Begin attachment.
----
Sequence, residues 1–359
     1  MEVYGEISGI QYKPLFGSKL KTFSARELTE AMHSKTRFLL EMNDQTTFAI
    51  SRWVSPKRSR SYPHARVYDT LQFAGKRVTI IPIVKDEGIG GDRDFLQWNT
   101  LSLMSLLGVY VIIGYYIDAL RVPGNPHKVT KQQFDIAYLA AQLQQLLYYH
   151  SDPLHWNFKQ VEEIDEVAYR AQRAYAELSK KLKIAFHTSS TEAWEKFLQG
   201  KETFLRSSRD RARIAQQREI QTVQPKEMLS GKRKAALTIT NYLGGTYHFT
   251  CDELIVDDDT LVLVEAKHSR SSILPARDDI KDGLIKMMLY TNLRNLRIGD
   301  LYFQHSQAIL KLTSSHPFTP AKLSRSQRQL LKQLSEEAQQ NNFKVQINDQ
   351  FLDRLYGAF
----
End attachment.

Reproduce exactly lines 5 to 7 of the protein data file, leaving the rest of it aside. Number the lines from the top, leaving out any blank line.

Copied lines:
   151  SDPLHWNFKQ VEEIDEVAYR AQRAYAELSK KLKIAFHTSS TEAWEKFLQG
   201  KETFLRSSRD RARIAQQREI QTVQPKEMLS GKRKAALTIT NYLGGTYHFT
   251  CDELIVDDDT LVLVEAKHSR SSILPARDDI KDGLIKMMLY TNLRNLRIGD